4.Journaling decreases second-guessing and waffling. Creatives are not always good decision makers. Your writing nest is the best place to try out alternatives. Write what comes to your heart each day. Verbalize why you feel one way, why you tend to the other. Insights will begin to seep in, tell you why you can’t decide, why others think you are doomed to continual flipping. Eventually, what is really bothering will come to the fore. It might be some choice you don’t want to have to make between two good things. Being mathematically inclined, one day I began figuring out just how much time—driving, teaching, preparing, marketing, I was doing to teach in a town 40 minutes away. When I arrived at the grand total figure in terms of months in a year, I stopped writing and got vocal. I don’t want to spend that kind of time on it! Within 2 weeks, I quit, and brought my whole business closer into my home town. In the same way I figured how much time staying in the beautiful building I loved and that looked so much like the art gallery of my dream vision cost me in meetings with the landlord, swarming of termites, interviewing pest control, rushing to take my paintings out of the beautiful rain forest windows—and as I wrote and added sums of time lost–suddenly, the answer was clear. Two weeks, and I was free.

5.Fertile ideas come in the mornings. Poems and paintings are not just an intellectual process that have to be drummed up and designed. One doesn’t sit down and start doing them, or rarely. Many times my heart would pour itself into words heavy with pathos, a treasured memory or some lilting spun lyrical phrase. Even articles began in the twilight of my sitting couch. The ideas came spontaneously, but needed work. So I do the seed work in private, dark, intimate time on the couch. By the end of the three pages, the idea can stand the light of day in a cold, clacking re-write.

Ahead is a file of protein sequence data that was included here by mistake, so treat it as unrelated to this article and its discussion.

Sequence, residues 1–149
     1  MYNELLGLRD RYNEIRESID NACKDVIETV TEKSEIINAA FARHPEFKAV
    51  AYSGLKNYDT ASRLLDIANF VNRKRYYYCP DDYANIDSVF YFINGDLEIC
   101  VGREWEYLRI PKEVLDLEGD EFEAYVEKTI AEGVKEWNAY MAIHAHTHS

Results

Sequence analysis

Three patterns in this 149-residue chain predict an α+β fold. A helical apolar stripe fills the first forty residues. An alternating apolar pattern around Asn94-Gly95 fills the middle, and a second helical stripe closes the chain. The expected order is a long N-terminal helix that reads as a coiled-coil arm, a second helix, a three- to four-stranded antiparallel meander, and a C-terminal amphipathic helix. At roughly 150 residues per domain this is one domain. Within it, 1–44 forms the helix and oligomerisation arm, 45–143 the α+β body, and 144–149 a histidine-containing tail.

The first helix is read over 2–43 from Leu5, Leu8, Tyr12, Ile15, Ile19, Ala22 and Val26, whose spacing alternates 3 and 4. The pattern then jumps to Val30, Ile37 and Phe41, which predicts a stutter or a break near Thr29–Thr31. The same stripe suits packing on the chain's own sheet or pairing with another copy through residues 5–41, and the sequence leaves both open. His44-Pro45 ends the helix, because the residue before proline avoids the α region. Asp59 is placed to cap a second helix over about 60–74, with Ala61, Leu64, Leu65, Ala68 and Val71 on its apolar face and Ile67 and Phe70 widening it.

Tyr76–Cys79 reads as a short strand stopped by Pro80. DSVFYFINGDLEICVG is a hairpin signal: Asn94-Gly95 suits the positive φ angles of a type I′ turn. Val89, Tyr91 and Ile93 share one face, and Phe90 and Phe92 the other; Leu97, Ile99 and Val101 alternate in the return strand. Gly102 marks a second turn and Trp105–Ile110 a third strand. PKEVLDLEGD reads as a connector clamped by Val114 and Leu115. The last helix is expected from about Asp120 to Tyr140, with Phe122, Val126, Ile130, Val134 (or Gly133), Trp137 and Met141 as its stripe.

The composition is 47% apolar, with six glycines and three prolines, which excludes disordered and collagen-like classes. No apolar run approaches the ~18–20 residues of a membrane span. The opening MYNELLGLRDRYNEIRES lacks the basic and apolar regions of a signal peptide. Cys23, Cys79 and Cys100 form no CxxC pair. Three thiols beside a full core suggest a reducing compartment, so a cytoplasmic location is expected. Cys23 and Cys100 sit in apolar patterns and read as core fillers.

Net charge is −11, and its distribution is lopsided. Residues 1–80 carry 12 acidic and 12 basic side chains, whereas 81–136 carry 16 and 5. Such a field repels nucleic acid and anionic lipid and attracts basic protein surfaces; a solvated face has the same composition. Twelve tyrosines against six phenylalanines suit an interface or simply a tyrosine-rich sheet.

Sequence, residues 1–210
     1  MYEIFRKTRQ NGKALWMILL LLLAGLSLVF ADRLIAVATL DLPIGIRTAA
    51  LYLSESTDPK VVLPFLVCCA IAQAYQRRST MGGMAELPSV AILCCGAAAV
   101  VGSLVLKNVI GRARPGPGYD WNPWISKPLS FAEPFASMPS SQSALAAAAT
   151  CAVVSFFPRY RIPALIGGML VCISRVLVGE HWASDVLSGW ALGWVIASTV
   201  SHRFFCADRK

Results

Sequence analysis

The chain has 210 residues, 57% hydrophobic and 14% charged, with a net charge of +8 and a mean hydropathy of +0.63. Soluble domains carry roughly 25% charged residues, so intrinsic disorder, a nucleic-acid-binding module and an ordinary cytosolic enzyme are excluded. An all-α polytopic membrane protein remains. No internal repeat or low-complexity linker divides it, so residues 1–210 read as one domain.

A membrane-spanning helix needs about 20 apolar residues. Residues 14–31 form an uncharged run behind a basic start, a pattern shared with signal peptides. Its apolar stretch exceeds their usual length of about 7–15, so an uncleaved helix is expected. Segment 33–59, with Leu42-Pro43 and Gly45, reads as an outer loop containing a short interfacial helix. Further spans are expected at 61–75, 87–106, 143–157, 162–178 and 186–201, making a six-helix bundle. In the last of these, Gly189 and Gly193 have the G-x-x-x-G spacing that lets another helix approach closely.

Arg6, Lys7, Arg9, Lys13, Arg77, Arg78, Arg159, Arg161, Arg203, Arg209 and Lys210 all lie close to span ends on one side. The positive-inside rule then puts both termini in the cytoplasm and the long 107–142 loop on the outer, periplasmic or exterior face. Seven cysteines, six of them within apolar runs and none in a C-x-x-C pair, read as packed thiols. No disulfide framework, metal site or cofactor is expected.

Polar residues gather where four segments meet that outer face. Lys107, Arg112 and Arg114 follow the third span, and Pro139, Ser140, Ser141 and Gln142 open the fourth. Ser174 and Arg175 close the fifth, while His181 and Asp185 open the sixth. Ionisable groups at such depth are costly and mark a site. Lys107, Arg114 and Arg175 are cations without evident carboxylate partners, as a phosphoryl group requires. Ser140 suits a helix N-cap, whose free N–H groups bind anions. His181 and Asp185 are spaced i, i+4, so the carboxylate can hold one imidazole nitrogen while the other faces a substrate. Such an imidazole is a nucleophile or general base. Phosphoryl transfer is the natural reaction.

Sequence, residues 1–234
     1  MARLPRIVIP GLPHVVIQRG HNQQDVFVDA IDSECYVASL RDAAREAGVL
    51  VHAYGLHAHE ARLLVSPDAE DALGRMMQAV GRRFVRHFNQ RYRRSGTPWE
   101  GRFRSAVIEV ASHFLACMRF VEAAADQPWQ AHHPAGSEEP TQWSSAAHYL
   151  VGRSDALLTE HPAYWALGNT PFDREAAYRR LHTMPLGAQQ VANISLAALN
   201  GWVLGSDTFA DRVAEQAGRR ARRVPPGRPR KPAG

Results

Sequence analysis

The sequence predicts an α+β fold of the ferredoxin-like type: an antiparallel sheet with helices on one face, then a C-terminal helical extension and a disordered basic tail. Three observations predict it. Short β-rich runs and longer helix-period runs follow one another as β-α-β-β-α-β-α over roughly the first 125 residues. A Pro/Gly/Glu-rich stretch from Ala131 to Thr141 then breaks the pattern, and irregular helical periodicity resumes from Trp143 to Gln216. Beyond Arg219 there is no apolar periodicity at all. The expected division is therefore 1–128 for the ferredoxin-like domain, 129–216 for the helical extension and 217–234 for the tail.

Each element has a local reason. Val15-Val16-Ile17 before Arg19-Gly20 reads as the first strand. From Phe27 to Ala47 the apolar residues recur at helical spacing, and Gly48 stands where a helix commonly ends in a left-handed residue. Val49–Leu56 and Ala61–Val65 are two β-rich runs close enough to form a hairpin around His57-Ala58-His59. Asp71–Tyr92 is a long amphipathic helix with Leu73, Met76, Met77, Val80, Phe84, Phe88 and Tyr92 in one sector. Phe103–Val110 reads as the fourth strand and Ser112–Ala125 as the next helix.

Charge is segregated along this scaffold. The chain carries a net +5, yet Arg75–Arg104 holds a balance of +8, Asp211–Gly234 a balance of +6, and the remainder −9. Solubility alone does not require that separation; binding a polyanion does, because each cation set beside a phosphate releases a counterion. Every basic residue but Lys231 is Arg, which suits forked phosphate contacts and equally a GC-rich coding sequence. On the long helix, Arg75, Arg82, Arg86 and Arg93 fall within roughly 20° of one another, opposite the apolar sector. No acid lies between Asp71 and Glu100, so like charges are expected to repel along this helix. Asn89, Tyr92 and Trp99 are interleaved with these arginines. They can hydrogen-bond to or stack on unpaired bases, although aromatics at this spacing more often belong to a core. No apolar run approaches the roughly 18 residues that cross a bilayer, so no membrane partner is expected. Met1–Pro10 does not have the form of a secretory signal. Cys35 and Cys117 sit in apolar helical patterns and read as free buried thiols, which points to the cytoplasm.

6.Insights that approach the intensity of revelations come as bonuses. This happens in the write time, or any time, so it’s always good to have a small notebook to catch these dew drops. Struggling through words in the morning brings new connections like clustering does, where one word leads to another, to puns, to things out of context. This is the wellspring of all—visual or mental—that takes you new places. New thoughts, revelation, connections newly forged—this is the magic of discovery. Childlike fun is at the heart of creativity.

7.By delving into yourself you go outside yourself in a sort of abandonment. In accepting yourself, you escape rejection. Confidence leads to being carefree, making wiser decisions. Even your doodling becomes the beginning of good work. My whole gel pen series began as a part of playful doodling. “Grand opening” is the 24 x 24 inch painting shown here.

8.A sense of continuity and uniqueness emerge. Artists with deep-seated issues don’t arrive here easily, but in a growing awareness that comes when composition books pile up, when you realize some disasters have been averted, and you have produced exemplars of which you are proud. You have actually become your own best friend, a reasonable assurance against self sabotage.

Read Julia Cameron’s book, The Artist’s Way, for more, because this is my takeaway of eight bonuses journaling has brought to me as an artist. Validation, authority, and assurance come from committed journaling, and lead a string of other friends by the hand. Happy writing, painting, and healing.